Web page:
The Student News Site of University of Detroit Jesuit High School

Michigan Before the Mayflower

November 22, 2021

Michigan+Before+the+Mayflower

The Thanksgiving feast reminds us of the Pilgrims and Native Americans giving thanks for surviving a rough year after the Mayflower arrived in 1620. Although it is perhaps the most popular of America’s origin stories, it is worth sharing that according to the Detroit Historical Society, the first European explorer to visit Michigan was two years earlier, in 1618! 

Frenchmen Etienne Brule was sent by Samuel de Champlain, the governor of New France (now Quebec) to search for a believed “north sea” and a passage to Asia. Brule lived among the Hurons Native Americans. He mastered their language and customs and benefited from their geographic knowledge in his explorations. Brule dressed like the natives, except for the Agnus Dei (Lamb of God) image he wore around his neck to remind himself of his Catholic roots. After years exploring with native tribes, he learned not only Huron, but also Algonquin and Iroquois languages. It’s hard to know for sure exactly where he explored since he left no writings behind. Everything that’s known of his explorations is from oral accounts transcribed by Champlain and others, but it is generally believed by historians that Brule was the first European to explore the Canadian province of Ontario, and the first to see Lake Ontario, Lake Erie, Lake Huron and Lake Superior. Brule deduced that Lake Superior, the “Great Lake” or “Great Sea” in Indian descriptions, ended the French search for a passage to Asia since it had fresh, not salt water. He explored it nonetheless all the way to its western end in modern day Duluth, Minnesota.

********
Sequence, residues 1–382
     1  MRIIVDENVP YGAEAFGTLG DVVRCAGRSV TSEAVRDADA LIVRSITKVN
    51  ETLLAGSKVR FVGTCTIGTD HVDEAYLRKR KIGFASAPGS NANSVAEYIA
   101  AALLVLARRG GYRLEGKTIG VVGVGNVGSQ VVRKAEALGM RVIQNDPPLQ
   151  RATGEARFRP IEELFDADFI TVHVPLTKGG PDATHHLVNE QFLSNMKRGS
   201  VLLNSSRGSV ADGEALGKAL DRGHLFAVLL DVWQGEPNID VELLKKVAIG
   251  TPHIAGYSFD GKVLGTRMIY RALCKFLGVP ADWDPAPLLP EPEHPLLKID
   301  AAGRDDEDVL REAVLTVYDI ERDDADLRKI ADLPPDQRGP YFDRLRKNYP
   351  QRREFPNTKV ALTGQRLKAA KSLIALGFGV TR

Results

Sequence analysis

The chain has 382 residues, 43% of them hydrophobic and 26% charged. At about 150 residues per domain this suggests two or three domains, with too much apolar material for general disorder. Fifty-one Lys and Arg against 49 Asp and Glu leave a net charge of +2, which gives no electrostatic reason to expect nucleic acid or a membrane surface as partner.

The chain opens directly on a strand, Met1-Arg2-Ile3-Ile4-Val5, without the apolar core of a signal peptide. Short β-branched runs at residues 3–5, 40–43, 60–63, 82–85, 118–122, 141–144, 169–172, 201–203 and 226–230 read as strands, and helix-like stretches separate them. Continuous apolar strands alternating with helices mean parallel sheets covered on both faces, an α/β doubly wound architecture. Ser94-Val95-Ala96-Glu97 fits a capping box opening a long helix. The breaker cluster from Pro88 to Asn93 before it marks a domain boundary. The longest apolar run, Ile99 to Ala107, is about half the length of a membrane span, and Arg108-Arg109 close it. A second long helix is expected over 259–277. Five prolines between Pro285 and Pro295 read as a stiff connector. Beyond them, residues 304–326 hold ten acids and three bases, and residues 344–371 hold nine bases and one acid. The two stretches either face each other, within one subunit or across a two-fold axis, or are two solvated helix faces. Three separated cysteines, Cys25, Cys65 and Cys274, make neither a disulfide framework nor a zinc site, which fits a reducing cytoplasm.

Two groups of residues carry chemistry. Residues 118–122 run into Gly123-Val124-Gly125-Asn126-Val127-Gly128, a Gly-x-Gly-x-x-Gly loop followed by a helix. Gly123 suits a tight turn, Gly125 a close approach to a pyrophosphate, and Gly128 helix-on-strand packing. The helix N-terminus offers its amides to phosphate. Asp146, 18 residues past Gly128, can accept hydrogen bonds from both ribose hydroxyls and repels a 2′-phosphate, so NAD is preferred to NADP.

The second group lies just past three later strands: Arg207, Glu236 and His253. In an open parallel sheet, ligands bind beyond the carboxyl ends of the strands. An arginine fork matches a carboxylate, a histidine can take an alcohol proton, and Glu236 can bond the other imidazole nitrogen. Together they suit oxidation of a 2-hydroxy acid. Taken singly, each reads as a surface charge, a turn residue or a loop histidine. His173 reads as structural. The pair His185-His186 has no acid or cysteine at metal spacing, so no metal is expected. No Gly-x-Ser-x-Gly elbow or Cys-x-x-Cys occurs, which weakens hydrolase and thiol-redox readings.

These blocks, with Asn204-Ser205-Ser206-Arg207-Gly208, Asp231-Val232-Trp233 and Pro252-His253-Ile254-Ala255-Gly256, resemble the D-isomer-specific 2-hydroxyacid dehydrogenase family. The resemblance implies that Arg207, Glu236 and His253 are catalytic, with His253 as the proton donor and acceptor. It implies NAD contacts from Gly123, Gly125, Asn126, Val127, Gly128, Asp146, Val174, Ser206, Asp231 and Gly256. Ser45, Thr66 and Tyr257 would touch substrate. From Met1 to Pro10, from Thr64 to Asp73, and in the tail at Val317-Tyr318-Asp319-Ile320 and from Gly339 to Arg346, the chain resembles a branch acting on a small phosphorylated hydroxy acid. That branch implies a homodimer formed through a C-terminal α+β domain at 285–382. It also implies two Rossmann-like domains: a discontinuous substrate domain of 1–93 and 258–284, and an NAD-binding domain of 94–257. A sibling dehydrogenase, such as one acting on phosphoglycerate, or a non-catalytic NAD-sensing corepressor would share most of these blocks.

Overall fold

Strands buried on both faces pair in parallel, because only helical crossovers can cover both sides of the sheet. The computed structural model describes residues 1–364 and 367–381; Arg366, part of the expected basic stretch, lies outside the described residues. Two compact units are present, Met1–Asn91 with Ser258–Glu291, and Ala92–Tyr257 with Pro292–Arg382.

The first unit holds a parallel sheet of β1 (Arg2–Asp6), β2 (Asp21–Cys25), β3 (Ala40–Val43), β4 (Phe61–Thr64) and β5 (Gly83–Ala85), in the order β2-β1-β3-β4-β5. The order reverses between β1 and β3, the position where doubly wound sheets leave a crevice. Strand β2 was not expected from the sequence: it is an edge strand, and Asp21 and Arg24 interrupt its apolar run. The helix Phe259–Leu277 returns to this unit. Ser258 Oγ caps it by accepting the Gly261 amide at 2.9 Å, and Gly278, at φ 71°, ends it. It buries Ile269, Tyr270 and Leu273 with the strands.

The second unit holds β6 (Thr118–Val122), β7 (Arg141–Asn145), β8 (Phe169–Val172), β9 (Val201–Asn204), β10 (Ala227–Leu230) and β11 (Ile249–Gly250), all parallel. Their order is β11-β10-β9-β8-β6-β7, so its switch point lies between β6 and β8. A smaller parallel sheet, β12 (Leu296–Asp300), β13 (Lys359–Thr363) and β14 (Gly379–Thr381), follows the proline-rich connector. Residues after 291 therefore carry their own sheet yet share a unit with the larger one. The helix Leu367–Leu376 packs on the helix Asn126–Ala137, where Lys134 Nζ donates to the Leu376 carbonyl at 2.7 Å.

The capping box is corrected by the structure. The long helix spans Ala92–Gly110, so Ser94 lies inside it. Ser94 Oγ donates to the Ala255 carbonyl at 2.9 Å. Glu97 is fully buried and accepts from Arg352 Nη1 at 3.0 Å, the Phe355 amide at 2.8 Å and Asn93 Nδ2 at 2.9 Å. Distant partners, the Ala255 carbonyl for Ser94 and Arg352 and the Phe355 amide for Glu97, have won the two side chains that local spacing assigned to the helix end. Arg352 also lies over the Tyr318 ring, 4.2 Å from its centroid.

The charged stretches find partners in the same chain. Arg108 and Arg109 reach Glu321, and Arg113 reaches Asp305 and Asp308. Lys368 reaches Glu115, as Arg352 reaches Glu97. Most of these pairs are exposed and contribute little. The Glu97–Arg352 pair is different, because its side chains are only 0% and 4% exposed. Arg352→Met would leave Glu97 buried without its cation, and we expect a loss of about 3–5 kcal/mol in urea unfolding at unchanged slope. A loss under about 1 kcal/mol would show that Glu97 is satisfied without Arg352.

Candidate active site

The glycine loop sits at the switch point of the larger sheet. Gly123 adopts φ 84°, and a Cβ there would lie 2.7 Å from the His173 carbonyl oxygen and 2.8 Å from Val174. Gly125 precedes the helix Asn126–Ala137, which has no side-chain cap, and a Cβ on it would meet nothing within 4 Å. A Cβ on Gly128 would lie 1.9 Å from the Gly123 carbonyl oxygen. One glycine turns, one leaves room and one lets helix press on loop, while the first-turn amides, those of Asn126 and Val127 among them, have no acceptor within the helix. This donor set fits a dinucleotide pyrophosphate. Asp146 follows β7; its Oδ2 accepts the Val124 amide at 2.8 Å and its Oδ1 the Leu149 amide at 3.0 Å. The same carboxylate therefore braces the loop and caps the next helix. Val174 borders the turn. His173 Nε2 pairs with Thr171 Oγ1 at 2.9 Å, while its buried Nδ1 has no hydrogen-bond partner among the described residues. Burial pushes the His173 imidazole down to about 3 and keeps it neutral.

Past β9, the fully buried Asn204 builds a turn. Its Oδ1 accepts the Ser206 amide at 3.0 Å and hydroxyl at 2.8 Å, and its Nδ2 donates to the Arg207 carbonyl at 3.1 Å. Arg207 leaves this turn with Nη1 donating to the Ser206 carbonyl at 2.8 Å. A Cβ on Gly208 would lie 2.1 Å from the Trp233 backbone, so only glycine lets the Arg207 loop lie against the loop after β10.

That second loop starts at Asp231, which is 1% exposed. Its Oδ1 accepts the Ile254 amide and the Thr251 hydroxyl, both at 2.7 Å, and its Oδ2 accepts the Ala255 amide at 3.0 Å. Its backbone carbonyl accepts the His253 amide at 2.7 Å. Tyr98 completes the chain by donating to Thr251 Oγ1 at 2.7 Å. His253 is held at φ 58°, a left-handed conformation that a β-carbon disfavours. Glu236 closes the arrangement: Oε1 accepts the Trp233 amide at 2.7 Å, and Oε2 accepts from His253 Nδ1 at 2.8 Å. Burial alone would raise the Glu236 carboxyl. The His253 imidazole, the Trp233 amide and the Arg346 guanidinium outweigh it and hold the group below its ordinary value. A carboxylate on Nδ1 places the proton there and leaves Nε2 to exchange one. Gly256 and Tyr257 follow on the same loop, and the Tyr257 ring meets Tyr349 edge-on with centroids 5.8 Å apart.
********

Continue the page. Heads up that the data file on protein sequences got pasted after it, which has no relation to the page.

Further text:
As far as Michigan exploration goes, he certainly visited Sault Ste. Marie, likely visited Drummond Island in Lake Huron, may have stood on the shores of Lake Michigan, and was known to have presented Champlain with copper believed to have come from Isle Royale—today Michigan’s only National Park. 

The story of Brule has the worst ending imaginable. Although the Hurons whom he befriended did not typically practice cannibalism, they were occasionally known to make exceptions. For reasons unknown to history, the Huron Native Americans came to believe that Brule betrayed them. They killed, dismembered, and consumed him in a “revenge feast” in 1632.

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